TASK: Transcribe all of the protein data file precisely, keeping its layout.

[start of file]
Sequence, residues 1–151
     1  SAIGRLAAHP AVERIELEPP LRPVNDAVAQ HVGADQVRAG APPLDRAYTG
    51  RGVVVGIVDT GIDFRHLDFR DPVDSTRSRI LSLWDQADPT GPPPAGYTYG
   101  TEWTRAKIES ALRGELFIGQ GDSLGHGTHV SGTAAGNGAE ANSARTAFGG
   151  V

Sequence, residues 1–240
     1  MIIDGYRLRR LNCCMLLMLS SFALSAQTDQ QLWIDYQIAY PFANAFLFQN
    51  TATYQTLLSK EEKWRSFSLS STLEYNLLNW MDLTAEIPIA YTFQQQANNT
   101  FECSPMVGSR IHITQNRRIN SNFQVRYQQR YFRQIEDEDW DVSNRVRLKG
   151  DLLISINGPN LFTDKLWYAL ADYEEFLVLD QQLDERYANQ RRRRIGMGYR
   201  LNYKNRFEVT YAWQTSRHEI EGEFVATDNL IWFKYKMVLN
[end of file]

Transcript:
Sequence, residues 1–151
     1  SAIGRLAAHP AVERIELEPP LRPVNDAVAQ HVGADQVRAG APPLDRAYTG
    51  RGVVVGIVDT GIDFRHLDFR DPVDSTRSRI LSLWDQADPT GPPPAGYTYG
   101  TEWTRAKIES ALRGELFIGQ GDSLGHGTHV SGTAAGNGAE ANSARTAFGG
   151  V

Sequence, residues 1–240
     1  MIIDGYRLRR LNCCMLLMLS SFALSAQTDQ QLWIDYQIAY PFANAFLFQN
    51  TATYQTLLSK EEKWRSFSLS STLEYNLLNW MDLTAEIPIA YTFQQQANNT
   101  FECSPMVGSR IHITQNRRIN SNFQVRYQQR YFRQIEDEDW DVSNRVRLKG
   151  DLLISINGPN LFTDKLWYAL ADYEEFLVLD QQLDERYANQ RRRRIGMGYR
   201  LNYKNRFEVT YAWQTSRHEI EGEFVATDNL IWFKYKMVLN